100-day Aspirasi Keluarga Malaysia – a case of letting the fox guard the henhouse

As the ‘Keluarga Malaysia’ Cabinet toots their own horn and basks in the triumph of a job well done after the first 100 days of the first Cabinet meeting, let’s put things in the proper context.

Key performance indices (KPIs) comprise three components.

There’s the evaluator or assessor – the ‘boss’ who lists down the key performance targets upon which the employee is judged. In the private sector, failure to meet these targets would result in a lonely desk in one corner of the office basement, next to the coffee vending machine.

In the context of the ‘100-day Aspirasi Keluarga Malaysia’, the rakyat is the boss.

The second element would be the list of key performance targets drawn up by the ‘boss’.

Since this is the KPI for the ministers and ministries under the leadership of Prime Minister Datuk Seri Ismail Sabri Yaakob, the list, logically, should consist of key areas affecting the daily lives of everyday Malaysians, such as cost of living, general state of the economy, housing, healthcare, education, and so on.

Naturally, the ‘boss’ – that’s you and I – would be the ones drawing up the list of key performance targets for the ‘employees’.

The ‘employees’ in this case – the ones being evaluated or appraised – are the ministers and their respective ministries, since they are essentially public servants.

When Ismail Sabri announced his Cabinet’s performance would be evaluated after the first 100 days, the response was overwhelmingly favourable.

Many thought that there would be a back-and-forth between the ministries and the stakeholders to identify key areas that needed to be worked on. Sadly, this did not happen.

As such, the 100-day ‘Aspirasi Keluarga Malaysia’ KPI exercise is just that – an aspiration devoid of substance, since the ‘boss’ – the rakyat – had been completely taken out of the decision-making process.

Instead, the ministers were given a free hand in choosing whatever metric that was easily achievable, convenient for them, and offered the greatest chances of success without having to break a sweat.

This is akin to letting SPM candidates set their own questions and grade their own papers.

For the rakyat, the proof of how effective Ismail Sabri’s administration is in governing lies in their day-to-day struggles to survive.

From Dec 1, the price of a loaf of Gardenia bread shot up by 45 sen. On Nov 15, the cost of building materials such as cement, steel mesh, copper wiring and PVC piping began edging up, driving up the prices of homes and affecting the construction sector.

Next to go were the prices of vegetables – broccoli that used to go for RM8 shot up to RM20 a kilo, bok choy went up threefold – from RM3 to RM9 a kilo. Others followed suit – cabbage, red chilis, green chilis, string beans, the list seemed endless.

Other essentials also registered a hike in prices – onions, eggs, chicken, cooking oil. The minister in charge offered a multitude of reasons for this surge in prices – from the weather to the alleged existence of a ‘cartel’ of middlemen, engaged in price gouging.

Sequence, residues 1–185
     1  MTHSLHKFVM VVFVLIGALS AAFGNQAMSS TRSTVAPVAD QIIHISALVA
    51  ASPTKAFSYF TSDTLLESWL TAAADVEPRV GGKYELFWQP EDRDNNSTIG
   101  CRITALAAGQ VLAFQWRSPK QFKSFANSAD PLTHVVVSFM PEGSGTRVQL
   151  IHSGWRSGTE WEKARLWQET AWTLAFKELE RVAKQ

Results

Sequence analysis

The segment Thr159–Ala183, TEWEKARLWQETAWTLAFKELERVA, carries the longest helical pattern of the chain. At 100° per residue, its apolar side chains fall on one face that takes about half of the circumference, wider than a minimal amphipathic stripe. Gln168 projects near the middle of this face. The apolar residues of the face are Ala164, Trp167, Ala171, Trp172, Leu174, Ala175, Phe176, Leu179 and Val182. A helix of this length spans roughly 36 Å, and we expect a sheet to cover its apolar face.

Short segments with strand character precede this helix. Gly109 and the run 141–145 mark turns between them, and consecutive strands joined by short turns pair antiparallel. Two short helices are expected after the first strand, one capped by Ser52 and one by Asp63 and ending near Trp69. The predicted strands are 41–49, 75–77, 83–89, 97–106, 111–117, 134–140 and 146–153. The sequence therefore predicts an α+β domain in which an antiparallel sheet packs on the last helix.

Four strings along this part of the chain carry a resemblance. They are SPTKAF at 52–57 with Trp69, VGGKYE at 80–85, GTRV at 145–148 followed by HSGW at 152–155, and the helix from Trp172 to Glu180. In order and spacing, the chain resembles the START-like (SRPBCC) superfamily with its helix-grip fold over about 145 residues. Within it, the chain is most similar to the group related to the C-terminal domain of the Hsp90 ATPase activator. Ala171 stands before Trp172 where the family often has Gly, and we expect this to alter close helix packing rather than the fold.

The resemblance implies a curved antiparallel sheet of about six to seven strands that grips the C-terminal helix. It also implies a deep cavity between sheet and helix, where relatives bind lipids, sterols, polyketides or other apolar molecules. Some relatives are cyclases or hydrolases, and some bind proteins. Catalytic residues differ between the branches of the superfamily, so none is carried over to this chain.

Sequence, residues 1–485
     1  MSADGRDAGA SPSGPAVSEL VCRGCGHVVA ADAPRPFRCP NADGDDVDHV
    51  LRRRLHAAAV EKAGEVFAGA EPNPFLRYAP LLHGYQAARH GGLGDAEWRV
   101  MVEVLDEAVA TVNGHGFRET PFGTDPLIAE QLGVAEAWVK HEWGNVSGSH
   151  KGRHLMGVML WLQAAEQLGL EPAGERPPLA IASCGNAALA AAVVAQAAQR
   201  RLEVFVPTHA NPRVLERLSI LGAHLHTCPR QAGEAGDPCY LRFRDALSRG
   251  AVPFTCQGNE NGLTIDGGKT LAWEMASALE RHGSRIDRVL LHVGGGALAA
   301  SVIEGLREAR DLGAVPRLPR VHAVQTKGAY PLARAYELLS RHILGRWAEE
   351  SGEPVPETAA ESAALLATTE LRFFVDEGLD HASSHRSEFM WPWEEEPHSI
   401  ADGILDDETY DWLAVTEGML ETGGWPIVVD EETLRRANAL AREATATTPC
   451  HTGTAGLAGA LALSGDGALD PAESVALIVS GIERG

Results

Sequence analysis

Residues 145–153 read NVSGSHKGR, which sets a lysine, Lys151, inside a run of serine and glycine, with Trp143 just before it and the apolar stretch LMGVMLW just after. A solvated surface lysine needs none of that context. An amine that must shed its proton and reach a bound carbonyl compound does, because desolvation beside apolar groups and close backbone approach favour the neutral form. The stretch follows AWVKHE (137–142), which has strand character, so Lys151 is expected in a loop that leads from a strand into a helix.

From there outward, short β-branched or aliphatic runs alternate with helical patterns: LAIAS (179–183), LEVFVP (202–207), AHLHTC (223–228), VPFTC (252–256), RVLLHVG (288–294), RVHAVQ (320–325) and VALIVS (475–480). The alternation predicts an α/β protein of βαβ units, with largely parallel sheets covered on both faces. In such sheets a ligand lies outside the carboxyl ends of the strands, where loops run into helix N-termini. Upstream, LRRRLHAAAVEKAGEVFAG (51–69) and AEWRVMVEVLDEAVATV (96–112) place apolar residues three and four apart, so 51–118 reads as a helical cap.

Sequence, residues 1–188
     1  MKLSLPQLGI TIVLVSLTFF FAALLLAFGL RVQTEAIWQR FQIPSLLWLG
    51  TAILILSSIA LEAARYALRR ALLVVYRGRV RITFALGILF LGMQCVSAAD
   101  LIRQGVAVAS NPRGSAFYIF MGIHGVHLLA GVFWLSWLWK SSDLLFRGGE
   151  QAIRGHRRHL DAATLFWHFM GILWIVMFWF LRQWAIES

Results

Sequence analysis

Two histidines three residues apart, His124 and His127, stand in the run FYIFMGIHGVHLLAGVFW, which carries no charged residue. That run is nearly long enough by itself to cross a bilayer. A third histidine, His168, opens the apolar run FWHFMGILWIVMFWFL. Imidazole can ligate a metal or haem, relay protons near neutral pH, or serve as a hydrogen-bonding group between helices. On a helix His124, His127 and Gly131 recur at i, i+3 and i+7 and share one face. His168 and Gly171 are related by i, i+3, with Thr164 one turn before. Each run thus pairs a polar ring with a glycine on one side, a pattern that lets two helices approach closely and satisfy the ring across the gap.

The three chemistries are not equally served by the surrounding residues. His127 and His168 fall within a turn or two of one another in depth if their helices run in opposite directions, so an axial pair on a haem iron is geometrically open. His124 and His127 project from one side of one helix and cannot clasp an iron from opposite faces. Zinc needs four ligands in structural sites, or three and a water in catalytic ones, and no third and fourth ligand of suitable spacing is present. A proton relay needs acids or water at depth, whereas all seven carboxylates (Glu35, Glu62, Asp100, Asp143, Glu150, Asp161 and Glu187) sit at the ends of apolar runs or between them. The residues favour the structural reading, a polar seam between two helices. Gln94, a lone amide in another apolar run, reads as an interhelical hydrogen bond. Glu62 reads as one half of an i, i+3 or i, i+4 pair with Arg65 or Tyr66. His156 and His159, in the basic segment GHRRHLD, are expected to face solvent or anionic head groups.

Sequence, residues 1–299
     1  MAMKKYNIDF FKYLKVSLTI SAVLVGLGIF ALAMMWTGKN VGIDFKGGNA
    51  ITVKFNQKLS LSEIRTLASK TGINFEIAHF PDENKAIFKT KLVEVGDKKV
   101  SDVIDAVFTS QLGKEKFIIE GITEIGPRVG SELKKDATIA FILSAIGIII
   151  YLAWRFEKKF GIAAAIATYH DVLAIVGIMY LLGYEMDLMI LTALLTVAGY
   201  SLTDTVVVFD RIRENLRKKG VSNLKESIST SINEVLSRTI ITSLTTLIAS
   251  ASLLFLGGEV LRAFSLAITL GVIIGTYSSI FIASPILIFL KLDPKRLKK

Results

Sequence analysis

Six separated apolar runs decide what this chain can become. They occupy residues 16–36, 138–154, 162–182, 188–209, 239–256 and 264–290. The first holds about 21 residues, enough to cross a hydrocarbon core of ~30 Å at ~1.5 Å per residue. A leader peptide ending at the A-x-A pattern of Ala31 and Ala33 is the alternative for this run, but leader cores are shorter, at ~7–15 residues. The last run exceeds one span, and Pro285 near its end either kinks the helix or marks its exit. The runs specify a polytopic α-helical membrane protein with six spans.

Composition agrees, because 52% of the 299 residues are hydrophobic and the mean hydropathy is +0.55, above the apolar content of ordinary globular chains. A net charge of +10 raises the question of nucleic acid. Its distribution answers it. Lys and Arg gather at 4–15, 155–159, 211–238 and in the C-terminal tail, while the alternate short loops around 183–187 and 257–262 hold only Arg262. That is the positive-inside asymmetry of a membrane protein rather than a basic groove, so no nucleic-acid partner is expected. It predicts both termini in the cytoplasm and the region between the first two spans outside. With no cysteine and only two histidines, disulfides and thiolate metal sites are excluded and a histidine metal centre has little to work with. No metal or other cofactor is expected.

His solution? ‘Plant your own vegetables’.

What is perplexing is that Malaysia has pretty much enjoyed the same weather cycle, year in, year out. It is predictable. Funny that after all these years, the ministry still does not have a game plan to put into effect each time the monsoon comes a calling.

The economy has also taken a beating.

On Nov 13, the Department of Statistics revealed that the country’s Gross Domestic Product (GDP) dropped to a slower pace of 2.7 per cent in the third quarter of 2020, from the 17.1 per cent contraction in the second quarter of the same year.

This marked a negative growth for the second consecutive quarter. That means that the country is in a technical recession. Malaysia’s ringgit is also languishing against the greenback, hovering at RM4.23 to the US dollar.

On Oct 29, a Friday, Finance Minister Datuk Seri Tengku Zafrul Abdul Aziz unveiled Budget 2022, in which he announced the one-off ‘cukai makmur’ (prosperity tax) proposal.

On Monday, the market reacted by wiping out a cumulative value of RM33.8 billion off of the market capitalisation of stocks on Bursa Malaysia in a knee-jerk response to the proposal.

The one-off prosperity tax of 33 per cent on corporate earnings of more than RM100 million for the assessment year 2022 was among several proposals announced in Budget 2022 to raise the government’s revenue.

The tax proposal was seen to have a negative impact on the earnings of a host of listed companies, and investors reacted to this by selling off their shares.

But, it is not all doom and gloom.

With the coronavirus not showing signs of going away, the Health Ministry tabled the National Trust Fund (Amendment) 2021 Bill to fund the four aid and stimulus packages – Permai, Pemerkasa, Pemerkasa Plus and Pemulih.

It also tabled the Temporary Measures for Government Financing [Coronavirus Disease 2019 (Covid-19)] (Amendment) Bill 2021 to increase the ceiling cap for the Covid-19 Fund from RM65 billion to RM110 billion.

Ismail Sabri negotiated a ‘ceasefire’ with the opposition following a historic memorandum of understanding between the Federal government and the opposition coalition (Pakatan Harapan).

The move was to spur economic confidence and increase foreign direct investments.

The prime minister also unveiled the RM400 billion 12th Malaysia Plan (2021-2025), an increase of 61 per cent compared to the actual expenditure of RM248.5 billion for the 11th Malaysia Plan.

The 12th Malaysia Plan hopes to boost the socio-economic conditions of the lower-income groups.

There is still plenty of work to be done. And Ismail Sabri has his work cut out.

Hopefully, the next 100 days will bring us better fortunes and see the country recover from the misfortunes of the past two years.